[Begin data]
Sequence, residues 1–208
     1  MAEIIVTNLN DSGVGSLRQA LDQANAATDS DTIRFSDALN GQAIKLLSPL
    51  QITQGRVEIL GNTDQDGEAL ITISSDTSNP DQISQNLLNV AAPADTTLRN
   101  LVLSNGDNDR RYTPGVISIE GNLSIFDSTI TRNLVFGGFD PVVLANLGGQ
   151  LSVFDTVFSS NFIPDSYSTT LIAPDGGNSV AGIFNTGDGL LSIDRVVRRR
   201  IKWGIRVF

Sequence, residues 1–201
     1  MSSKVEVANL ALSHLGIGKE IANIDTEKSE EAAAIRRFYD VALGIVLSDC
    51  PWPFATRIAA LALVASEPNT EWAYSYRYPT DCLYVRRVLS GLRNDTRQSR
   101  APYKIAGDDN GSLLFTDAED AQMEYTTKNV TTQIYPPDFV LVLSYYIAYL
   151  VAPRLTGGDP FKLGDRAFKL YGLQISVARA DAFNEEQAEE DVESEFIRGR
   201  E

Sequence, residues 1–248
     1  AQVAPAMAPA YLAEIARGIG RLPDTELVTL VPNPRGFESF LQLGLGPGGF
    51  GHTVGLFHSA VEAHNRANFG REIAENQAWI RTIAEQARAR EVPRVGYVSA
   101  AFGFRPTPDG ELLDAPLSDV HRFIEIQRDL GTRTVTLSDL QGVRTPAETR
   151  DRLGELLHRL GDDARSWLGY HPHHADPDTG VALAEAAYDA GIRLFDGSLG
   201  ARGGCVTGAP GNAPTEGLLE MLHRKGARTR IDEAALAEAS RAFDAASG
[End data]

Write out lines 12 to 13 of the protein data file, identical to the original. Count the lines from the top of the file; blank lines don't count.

   201  E

Sequence, residues 1–248